When Republican presidential candidate Ben Carson claimed that Islam and the American Constitution are incompatible, he immediately found himself buried by an avalanche of criticism.
Neither the tone nor the substance of the lion’s share of this criticism was rational, and the vast majority of it stemmed, unsurprisingly, from his partisan opponents on the “progressive” left.
While we are by now all too familiar with both the left’s ideology as well as the tactics that its adherents routinely appropriate in their quest to prevail over their competitors—i.e. charges of “racism,” “sexism,” “Islamophobia,” “homophobia,” etc.—the phenomenon of self-styled “egalitarians” or “progressives” falling all over themselves to defend Islam at all costs doesn’t fail to leave the unprejudiced observer incredulous.
One needn’t be an Islamic scholar to recognize that Islam, considered both as a theology and a 1400 year-old historical practice, isn’t just incompatible with the egalitarian, fundamentally secular goals of self-avowed “progressives;” the former and the latter are systematically incompatible with each other, for Islam demands the imposition of Sharia law, a totalizing, divinely instituted system, upon everyone.
So, how can leftists in the West of the 21st century presume to be defenders of Islam?
Thankfully, there are writers like Jamie Glazov around to square this circle for the rest of us.
In his United In Hate: The Left’s Romance With Tyranny and Terror, Glazov enlists his considerable talents in the service of supplying to readers some much needed insight into the moral imagination of the ideological left. This is an invaluable public good that Glazov provides, for leftist ideologues and their sympathizers in government and various media can typically be counted upon to labor inexhaustibly to conceal their worldview—and their own collective history—from the larger culture.
Glazov’s prose is at once crisp and colorful, revealing a mind that is as discerning as it is bold. With the greatest of ease, the author shows his readers that the readiness with which the contemporary leftist jumps to shield Islam from criticism, both real and imagined, is but the most recent manifestation of a love affair between the left and totalitarianisms of various sorts extending back nearly a century.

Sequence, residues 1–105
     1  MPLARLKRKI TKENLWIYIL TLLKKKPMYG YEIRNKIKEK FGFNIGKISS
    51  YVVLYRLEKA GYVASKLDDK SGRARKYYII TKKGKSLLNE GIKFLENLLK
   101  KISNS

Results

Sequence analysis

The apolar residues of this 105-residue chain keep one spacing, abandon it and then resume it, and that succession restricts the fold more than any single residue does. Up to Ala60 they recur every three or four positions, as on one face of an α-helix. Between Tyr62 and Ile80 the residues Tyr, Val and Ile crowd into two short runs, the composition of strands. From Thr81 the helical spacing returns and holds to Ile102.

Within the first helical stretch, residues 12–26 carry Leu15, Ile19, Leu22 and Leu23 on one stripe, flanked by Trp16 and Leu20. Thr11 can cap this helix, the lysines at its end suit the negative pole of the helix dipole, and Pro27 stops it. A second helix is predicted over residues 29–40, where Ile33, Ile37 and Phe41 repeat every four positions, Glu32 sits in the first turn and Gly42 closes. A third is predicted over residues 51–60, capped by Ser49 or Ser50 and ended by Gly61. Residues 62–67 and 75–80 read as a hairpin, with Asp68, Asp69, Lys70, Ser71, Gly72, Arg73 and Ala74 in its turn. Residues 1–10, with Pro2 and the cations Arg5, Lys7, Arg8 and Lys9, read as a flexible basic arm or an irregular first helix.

Yet it isn’t just the communisms of one place and time or other with which Western leftists have been enamored. The most brutal of dictators who presided over these “Earthly paradises” have functioned as nothing less than deities for their leftist idolaters.
Leftists in the West are “true believers.” Glazov explains: “The believer’s totalitarian journey begins with an acute sense of alienation from his own society—an alienation to which he is, himself, completely blind.” The believer’s “denial” of “the character flaws that prevent him from bonding with his own people” has him “convinced…that there is something profoundly wrong with his society—and that it can be fixed without any negative trade-offs.” Thus, the believer “fantasizes about building a perfect society where he will, finally, fit in.”
Glazov locates the true believer’s disdain toward “modernity” and “capitalism” in his own “spiritual emptiness.” Lacking any sense of transcendent meaning, the true believer seeks to invest his existence with meaning by availing himself of the many material goods made possible by a free, capitalist social order. This measure, of course, was bound to fail. But rather than grasp the obvious truth that material possessions can never satisfy spiritual longings, the believer instead blames his frustrations on the society that made the acquisition of those material possessions possible in the first place.
As a consequence, he turns for his salvation toward the communist totalitarians with which the leftist has become obsessed, those “Earthly hells,” as Glazov rightly describes them, signifying the believer’s categorical rejection of his own individualist culture.
Initially, I must admit to having been a bit put off by the psychological nature of Glazov’s “diagnosis” of the “true believer.” It isn’t that I ever thought that it was false; in fact, it struck me as eminently plausible. Rather, since his is a critical account of the left’s long “romance with tyranny and terror,” I feared that the author would weaken his case by committing what logicians call “the genetic fallacy,” an attempt to discredit an argument by calling attention to the circumstances of the arguer, instead of the logic of the argument.
However, it wasn’t before long that I realized that while Glazov indeed enquires into the psychological origins of the leftist worldview, he commits no fallacy. At times, genetic arguments are appropriate. At other times, responsible analysis demands them.
When a position is intellectually indefensible, even incoherent, as is the leftist worldview, with its embrace of the most monstrous of monsters, then how can we not look for non-rational explanations of it?
When legions of otherwise unremarkable human beings who had been born and raised in the free, individualist societies of the West and who claim to champion “equality,” “tolerance,” “human rights,” and so forth can be counted upon to unqualifiedly embrace history’s greatest mass murderers—Joseph Stalin, Mao Tse-Tung, Ho Chi Minh, Fidel Castro—how can the observer avoid turning his attention to their psyches?
Glazov’s book is a must read for anyone who is interested in understanding how and why the left never fails to gravitate toward the agents of “tyranny and terror.”